Localization combines language expertise with computer savvy.
“I’m kind of behind the scenes making the job easier for translators,” Eggett said.
When a website needs to be translated, it’s Eggett’s job to strip out the coding and send the translator only what needs to be translated.
The work is painstaking. Imagine a complex website with multiple drop-down boxes, leading to more drop-down boxes. Each element on each box needs to be translated.
“Some people may find it boring,” Eggett said. “I find it interesting.”
Like many other sectors, language services face unique challenges, said Jiri Stejskal, president of Cetra Language Solutions, an Elkins Park, Pa., company that supplies translators, interpreters and localization experts to a range of clients.
That’s how most interpreters and translators get work.
Stejskal is in a better position to know than most.
He was recently president of the American Translators Association and is in line to become president of the International Federation of Translators, in Basel, Switzerland.
One issue is machine translation. “It’s not quite there yet,” Stejskal said.
He pulled out a screen grab of a Philadelphia government website that used the familiar journalism term “lead story” on its home page.
Somehow in Spanish it morphed into a “story about metal,” featuring a photograph of former Philadelphia Mayor Juan F. Calle (John Street).
But a more fundamental and on-going struggle is to educate employers about the difference between being simply bilingual and truly qualified.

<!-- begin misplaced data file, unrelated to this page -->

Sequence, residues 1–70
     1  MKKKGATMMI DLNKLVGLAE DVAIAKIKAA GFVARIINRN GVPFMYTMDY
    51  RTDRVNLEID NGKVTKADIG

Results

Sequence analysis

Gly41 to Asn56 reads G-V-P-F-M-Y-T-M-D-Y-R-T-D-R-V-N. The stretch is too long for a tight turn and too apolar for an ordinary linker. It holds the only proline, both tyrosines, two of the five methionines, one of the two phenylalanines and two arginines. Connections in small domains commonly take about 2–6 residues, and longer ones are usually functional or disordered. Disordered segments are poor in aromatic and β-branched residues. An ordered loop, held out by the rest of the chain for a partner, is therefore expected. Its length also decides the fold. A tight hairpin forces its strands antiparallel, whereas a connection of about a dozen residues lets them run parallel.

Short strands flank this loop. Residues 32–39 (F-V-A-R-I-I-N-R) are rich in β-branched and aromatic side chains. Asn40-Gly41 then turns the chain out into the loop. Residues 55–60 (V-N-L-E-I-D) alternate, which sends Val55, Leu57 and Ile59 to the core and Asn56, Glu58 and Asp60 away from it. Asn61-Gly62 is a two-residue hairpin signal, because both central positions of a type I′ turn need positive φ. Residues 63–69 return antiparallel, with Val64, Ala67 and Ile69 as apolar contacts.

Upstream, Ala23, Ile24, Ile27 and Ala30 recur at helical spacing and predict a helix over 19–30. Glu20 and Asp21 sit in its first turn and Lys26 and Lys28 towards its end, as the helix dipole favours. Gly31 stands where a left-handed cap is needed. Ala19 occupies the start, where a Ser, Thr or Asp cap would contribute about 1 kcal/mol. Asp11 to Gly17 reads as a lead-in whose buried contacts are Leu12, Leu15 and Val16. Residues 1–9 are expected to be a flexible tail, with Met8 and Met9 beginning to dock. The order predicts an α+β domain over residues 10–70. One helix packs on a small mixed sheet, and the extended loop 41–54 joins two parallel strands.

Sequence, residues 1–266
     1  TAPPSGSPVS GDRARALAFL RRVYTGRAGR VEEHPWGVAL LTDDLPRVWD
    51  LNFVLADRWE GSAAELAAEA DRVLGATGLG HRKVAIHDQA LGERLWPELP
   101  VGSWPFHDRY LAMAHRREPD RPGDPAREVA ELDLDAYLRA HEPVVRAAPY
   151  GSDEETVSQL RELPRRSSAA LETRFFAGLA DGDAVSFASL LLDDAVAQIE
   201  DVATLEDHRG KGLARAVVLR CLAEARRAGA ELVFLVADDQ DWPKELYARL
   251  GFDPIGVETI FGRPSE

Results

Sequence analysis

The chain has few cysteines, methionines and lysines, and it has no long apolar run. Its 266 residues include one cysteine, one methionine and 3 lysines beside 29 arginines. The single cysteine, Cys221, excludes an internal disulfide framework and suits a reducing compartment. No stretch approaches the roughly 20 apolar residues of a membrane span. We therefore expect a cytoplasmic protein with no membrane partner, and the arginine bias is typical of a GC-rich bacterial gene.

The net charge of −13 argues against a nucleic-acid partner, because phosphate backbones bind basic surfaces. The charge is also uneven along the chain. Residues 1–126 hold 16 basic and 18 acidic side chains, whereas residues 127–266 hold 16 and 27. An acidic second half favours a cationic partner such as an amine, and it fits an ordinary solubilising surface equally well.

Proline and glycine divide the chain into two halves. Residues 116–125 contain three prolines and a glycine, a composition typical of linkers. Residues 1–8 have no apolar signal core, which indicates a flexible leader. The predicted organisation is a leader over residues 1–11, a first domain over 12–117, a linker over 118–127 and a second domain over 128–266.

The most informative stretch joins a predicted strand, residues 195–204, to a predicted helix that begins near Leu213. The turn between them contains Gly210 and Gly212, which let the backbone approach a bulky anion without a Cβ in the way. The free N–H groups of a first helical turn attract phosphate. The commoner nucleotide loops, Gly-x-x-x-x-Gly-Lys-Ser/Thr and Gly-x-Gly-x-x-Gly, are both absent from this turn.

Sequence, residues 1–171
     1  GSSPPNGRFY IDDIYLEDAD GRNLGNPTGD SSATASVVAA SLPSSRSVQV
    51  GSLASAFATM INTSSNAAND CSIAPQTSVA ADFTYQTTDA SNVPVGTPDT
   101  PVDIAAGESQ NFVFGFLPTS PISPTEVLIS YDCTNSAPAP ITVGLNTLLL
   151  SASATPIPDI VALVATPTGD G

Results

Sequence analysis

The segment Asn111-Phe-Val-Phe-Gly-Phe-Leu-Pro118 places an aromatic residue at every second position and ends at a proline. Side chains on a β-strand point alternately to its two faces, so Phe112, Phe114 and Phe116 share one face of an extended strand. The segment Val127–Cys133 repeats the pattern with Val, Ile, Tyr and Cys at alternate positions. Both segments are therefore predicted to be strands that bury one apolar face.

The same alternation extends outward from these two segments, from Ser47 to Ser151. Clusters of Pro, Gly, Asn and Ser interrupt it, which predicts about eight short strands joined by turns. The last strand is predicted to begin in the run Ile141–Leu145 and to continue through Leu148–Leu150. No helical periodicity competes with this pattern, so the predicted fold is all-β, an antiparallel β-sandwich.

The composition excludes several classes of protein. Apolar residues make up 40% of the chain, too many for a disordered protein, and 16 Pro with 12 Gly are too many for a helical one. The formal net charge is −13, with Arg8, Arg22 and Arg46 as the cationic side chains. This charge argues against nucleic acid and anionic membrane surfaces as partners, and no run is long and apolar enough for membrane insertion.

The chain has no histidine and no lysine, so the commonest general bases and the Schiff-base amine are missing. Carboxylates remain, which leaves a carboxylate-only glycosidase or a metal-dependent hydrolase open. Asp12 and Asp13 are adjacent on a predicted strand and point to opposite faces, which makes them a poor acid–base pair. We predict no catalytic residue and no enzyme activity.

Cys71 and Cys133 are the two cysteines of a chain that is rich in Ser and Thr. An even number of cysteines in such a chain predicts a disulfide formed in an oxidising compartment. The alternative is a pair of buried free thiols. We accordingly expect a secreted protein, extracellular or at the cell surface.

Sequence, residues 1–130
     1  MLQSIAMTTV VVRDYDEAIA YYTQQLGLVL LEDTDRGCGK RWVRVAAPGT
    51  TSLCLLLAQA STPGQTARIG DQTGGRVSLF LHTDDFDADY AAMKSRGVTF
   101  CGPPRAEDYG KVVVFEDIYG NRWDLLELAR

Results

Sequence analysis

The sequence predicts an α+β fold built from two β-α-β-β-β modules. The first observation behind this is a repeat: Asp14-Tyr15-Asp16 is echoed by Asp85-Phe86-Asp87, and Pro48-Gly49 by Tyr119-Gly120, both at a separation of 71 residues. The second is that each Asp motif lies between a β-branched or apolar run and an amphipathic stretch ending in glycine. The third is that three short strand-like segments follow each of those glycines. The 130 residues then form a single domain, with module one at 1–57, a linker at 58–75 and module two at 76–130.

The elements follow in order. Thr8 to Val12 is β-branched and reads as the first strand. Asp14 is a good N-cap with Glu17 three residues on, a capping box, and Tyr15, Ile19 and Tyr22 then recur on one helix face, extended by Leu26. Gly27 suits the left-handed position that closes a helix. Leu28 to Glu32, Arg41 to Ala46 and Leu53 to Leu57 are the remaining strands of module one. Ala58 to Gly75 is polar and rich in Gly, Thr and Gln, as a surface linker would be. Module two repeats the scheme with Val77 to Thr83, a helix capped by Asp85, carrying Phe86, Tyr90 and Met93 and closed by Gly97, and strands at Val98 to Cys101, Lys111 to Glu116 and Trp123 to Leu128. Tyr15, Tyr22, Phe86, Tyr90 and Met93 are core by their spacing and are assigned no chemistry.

Top interpreters need to hear what is said and speak it in another language simultaneously.
That’s the gold standard used at the United Nations and international conferences, and high proficiency can merit a six-figure income.
That level of ability isn’t the same as language skills gained by growing up in a bilingual household.
“Knowing how to cook doesn’t make you a chef,” Stejskal said.
That cook-or-chef question is exactly what the Philadelphia Corporation for Aging’s human-resources director, Raymond Polak, is trying to resolve.
The social-services agency has a staff of interpreters but wants to hire bilingual case managers to work with the city’s aging immigrant community.
Translators typically get paid by the word. Anne Connor, president of the Delaware Valley Translators Association, loves when she gets a job translating Spanish into English if the client pays by the Spanish word.
With all of its prepositions and articles, Spanish uses more words than English to convey the same idea.
Freelance translators can earn $60,000 a year, according to the latest available survey, taken in 2006.
Interpreters can earn considerably less, mainly because their work is paid by the hour and jobs may come infrequently.
One in five earns less than $10,000 a year, according Common Sense Advisory, the same industry research group that calculated the size of the global market.
The best chance to earn the most is to develop a specialty, perhaps in complex business arrangements or some highly technical field, or to be certified in a language in demand, such as Arabic.